Best times to see the Northern Lights and the Nightless Night

2 minute read

Credits: Julia Kivelä

In Lapland and within the Arctic Circle, something peculiar happens to light

The Northern Lights are most visible from the end of August to April in Finnish Lapland. And within the arctic circle, the sun doesn’t set at all during peak summer: the further north you go, the longer the sun stays up.

So next time you’re in Finnish Lapland, chances are you’ll spot a light show of your own. Here is what you can expect.

Credits: Asko Kuittinen

The best seasons to spot the Northern Lights

Credits: Thomas Kast

Many people associate the Northern Lights with winter, but the most active seasons are actually autumn and spring. This is when the earth’s orientation towards the sun maximizes the probability of solar flares interacting with the planet’s magnetic field, which creates this mesmerizing phenomenon. Statistically, the lights are visible on every second night.

The best aurorae-watching season starts at the end of August, when the nights get darker, and ends at the start of April, when the nights start to get lighter. Seeing them requires clear skies and just a bit of luck: the Northern Lights are visible on roughly 200 nights a year – or every other clear night – in Finnish Lapland. Your chances of catching them get better the further north you go. Did you know the Finnish Meterological Institute even has
a web page for …space weather? It’ll show the Aurora activity in Finland now.

One of the most magical times to see the Northern Lights is during the darkest days of winter. Find an open location, like a field, for unobstructed views.
Credits : Thomas Kast
The Northern Lights are visible when the sky is clear. There are mobile apps and websites you can use to check the likelihood of seeing the Aurora.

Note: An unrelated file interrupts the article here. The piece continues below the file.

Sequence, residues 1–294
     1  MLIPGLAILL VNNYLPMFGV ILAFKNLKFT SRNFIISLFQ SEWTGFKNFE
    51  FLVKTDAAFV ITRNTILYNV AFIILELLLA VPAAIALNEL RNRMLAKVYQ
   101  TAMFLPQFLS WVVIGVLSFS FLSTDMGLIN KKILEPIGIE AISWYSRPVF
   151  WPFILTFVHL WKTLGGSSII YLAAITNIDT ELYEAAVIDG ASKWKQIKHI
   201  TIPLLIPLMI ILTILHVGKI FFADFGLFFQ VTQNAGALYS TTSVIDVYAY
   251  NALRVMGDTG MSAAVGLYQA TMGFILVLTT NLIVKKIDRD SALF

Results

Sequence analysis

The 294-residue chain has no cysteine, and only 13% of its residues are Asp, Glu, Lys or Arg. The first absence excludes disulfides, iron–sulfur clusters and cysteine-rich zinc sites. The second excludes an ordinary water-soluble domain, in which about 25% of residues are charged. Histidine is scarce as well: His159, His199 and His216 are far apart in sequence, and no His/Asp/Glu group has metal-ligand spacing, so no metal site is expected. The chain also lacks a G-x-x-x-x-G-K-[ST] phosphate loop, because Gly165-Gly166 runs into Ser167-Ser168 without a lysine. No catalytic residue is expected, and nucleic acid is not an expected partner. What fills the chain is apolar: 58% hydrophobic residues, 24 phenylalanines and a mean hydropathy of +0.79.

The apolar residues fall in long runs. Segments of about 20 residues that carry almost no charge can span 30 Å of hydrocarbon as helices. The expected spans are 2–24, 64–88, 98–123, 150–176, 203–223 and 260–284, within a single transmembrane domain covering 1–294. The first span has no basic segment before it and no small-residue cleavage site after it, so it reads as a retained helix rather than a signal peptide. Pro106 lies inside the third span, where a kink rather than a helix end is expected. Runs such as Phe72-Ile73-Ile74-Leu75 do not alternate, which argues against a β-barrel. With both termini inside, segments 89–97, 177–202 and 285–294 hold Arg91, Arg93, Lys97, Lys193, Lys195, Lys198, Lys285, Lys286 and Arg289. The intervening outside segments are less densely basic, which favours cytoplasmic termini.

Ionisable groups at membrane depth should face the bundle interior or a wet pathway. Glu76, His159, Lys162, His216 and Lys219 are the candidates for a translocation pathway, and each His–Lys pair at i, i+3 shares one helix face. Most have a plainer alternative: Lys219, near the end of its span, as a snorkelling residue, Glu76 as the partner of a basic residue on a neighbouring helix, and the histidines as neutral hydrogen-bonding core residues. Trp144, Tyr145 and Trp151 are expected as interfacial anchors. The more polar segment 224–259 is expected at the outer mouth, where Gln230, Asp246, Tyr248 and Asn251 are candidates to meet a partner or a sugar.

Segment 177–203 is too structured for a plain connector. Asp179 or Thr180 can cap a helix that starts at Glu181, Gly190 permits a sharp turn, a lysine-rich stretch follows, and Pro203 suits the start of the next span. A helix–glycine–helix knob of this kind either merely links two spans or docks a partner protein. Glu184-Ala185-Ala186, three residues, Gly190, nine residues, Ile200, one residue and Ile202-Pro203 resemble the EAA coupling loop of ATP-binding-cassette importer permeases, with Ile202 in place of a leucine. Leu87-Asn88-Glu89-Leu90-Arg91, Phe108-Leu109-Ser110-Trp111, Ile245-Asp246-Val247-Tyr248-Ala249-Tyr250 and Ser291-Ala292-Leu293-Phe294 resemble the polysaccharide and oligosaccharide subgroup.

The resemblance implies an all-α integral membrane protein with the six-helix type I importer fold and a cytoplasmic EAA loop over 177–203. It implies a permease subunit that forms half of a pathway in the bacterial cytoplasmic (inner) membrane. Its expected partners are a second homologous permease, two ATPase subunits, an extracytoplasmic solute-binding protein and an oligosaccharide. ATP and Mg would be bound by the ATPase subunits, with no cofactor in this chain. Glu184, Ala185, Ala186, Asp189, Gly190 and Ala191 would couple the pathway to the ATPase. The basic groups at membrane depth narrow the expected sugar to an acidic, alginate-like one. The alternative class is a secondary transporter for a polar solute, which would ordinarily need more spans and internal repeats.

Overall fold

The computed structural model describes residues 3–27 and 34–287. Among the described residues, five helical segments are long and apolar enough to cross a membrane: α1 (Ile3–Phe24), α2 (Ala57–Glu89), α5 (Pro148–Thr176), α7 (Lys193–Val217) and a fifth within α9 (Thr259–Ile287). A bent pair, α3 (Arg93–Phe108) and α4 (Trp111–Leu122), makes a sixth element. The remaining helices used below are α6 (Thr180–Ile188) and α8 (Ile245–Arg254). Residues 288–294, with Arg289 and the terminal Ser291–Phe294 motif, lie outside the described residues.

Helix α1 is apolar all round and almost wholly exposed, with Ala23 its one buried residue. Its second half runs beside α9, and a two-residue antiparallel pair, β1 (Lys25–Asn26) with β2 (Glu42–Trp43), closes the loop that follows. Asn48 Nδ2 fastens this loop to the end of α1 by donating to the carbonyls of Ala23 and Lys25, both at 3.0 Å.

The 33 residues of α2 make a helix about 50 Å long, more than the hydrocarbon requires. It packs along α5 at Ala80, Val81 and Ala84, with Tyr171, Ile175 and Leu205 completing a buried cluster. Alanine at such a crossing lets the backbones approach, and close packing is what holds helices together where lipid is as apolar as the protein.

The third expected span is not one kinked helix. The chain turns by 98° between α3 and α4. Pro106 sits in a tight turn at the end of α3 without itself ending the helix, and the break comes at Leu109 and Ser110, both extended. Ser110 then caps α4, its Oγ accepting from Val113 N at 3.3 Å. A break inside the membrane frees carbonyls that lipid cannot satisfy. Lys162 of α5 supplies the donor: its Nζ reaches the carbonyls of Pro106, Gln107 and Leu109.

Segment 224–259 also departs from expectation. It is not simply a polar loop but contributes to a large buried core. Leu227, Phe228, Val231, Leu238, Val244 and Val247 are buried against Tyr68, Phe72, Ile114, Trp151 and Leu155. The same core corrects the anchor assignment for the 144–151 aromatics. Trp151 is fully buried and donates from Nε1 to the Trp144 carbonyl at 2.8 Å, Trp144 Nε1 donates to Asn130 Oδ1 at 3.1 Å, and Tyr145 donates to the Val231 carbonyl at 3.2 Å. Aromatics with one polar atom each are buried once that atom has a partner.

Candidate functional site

Credits: Markus Kiili
Green is the most commonly seen colour in the Northern Lights. Spotting a red aurora is very rare.

Land of the Midnight Sun

Credits: Harri-Pekka Savolainen

The blazing colours of autumn, winter and spring have an equally amazing counterpart during the Finnish summer – the nightless night. For those who venture north of the Arctic Circle, the sun does not set at all from May to August. In Rovaniemi, the period lasts about a month, while in Nuorgam, the Northern most point in Finland, it is around two and half months.

Summer in Finland is a spectacular time of the year that keeps the Finns busy and enjoying the outdoors at all times. When nights are this bright, it’s possible to do all the same things that you would do during the day. The greatest difference comes from the incredible change in the nature of the light. The sun takes on a reddish-yellow colour – like a constant state of sunrise or sunset – and everything is bathed in an unimaginably warm, bright light. 

Credits : Emilia Hoisko Photography
It might be hard to believe, but this is midnight during Finland’s midsummer!
Credits: Emilia Hoisko Photography

See also

Your Official Finland Travel Guide

Use this guide to plan a trip to Finland and immerse yourself in the country's nature, forests, lakes and culture.